Ideas of Order at COCA[uds-billboard name=”order”]The Millstone Gallery is centered in the midst of COCA‘s expansive building in University City, its compact size and bank of windows overlooking a small garden and terrace striking a perfect scene for the small scale domestic interventions on display in the expertly-arranged Ideas of Order. Curator Jessica Baran conjures a productive disarray of domestic and found objects from St. Louis artists Gina Alvarez, John Early, Wonder Koch, and Peter Pranschke, finding small moments and intimate materials capable of ordering the everyday into a concise meditation on social and self-control.
The artists each have a tendency to collect, order, and preserve fleeting moments and pin them to paper, imaginatively reconsider them, or archive them for some private sense of study. The posture of the artists arcs among informal, playful tendencies, often finding material in what is at hand, naturally occurring, and fleeting. Peter Pranschke, a tireless artist who has carved out a unique terrain for his subtle installations, organizes miniature artifacts in a foam display case that has been sculpted and shaped by a turkey carver, itself leaving the jagged grooves and scrapes of a domestic tool wielded bluntly. Pranschke sees imaginative narrative possibilities in these arrangements, suggesting a recursive world created to be fully experienced only by the artist himself. They are playful, but are laced with a fragility of a world fussed-over and tenuous – the kind whose survival is dependent on its creator keeping interest in order to maintain a sustained sense of play. A child’s world, disordered and rearranged into mature, magnetic form.
Wonder Koch approaches her work with a refreshing literality: Red Flags are red flags and mass emails are semi-sincere attempts at communication. This lends the work both a vulnerable honesty and utter absurdity. A new arrangement of fabric and found twigs, Red Flags centers the exhibition on entering the gallery, suggesting that one can find “red flags” anywhere as a paranoiac impulse, cutting through the overemphasis on bland reuse seen in much recent found material work. One of the best moments in the exhibition, however, is found only in the catalogue text in which Koch responds to an email from the Obama campaign that asks, “Have you ever gotten to do something so cool you’re almost jealous of yourself,” setting off a personal and speculative meditation on loneliness, student loans, and self-jealousy with dorm room refrigerator pull-quotes like “What does my student loan look like through your bong water?”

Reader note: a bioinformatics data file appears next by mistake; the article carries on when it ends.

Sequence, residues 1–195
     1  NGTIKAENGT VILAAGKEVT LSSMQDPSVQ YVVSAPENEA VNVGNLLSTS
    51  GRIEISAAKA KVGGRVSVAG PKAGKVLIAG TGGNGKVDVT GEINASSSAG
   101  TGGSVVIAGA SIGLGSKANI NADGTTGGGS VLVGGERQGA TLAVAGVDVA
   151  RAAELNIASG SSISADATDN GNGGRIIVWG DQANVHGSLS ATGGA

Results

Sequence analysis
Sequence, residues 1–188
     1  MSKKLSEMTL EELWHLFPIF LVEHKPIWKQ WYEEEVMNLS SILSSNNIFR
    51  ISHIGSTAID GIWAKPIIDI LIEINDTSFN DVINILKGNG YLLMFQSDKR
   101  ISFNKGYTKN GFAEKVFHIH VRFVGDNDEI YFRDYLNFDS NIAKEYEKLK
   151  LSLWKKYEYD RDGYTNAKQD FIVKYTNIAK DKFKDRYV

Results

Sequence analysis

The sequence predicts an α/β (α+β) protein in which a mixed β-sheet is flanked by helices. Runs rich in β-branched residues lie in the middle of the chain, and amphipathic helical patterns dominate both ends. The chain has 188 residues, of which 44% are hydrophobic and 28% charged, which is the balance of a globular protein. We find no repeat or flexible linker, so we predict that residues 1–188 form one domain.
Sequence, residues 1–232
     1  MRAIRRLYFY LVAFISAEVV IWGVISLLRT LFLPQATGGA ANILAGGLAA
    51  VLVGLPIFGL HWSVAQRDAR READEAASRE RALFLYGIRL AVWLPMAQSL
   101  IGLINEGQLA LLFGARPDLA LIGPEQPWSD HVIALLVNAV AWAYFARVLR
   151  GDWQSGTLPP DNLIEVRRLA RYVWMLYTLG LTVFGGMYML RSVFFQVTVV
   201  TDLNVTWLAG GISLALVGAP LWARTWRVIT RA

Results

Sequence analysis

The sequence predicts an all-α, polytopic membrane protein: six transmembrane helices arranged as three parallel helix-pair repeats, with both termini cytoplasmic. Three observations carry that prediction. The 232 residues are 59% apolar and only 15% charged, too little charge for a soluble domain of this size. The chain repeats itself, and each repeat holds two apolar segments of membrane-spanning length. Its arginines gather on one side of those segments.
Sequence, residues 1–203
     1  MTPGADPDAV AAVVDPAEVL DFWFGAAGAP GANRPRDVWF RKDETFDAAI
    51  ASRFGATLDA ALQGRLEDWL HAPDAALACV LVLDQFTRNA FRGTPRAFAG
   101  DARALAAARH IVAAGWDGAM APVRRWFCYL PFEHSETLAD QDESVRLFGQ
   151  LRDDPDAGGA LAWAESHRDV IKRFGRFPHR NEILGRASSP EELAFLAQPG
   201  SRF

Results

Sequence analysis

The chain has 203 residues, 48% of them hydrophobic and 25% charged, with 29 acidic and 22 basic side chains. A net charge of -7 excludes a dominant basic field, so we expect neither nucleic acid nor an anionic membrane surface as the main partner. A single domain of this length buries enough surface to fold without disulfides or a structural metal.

Gina Alvarez has accurately described her creative impulse as similar to a bowerbird – arranging vibrant material in order to carve out a domestic space. Primarily a printmaker, her work digests itself, reusing previous work in an ongoing expansion of her practice. In this continual revision, Alvarez finds an abundance of ideas always at hand. In i’m headed to the, and the, the work has a deceptive density whose glittering distracts from easy absorption.
John Early’s lyrical works lend the exhibition a meditative pause, gathering light and shadow, material and absence. Heavy load and The other coast are reminiscent of Gebi Sibony’s sparse exercises, but with a warmth towards the material that exudes the time spent with it. In contrast to Sibony’s continuous search and accumulation, Early sought out only material at hand- foam panels, wood boards, and, ultimately, light itself and how it moved through his apartment. For the time being suggests an unstable state, its half-finished sketches and overhead projection feeling as if the artist has just left the room and may return at any time.
Baran describes the show more broadly as an exercise in productive irresolution. The desire for order within the domestic, the inevitable recursion of uncertainty back into the everyday. Viewing the exhibition feels a bit voyeuristic as if you are overhearing a private conversation; perhaps even as if the artists are accidentally talking to themselves. Each artist’s work laced with an interiority not easily seen, even on repeated visits. One can imagine the artists wishing to sneak back in to the gallery after hours to add one last thing, all idea of order one step away from collapse. When the work comes down, it will likely be recycled, rearranged, returned home. Many of our attempts at order are perhaps naïve and obsessive, but ultimately comforting– a necessary balm like a fidget while waiting on a phone call.
All images are courtesy of Peter Wochniak.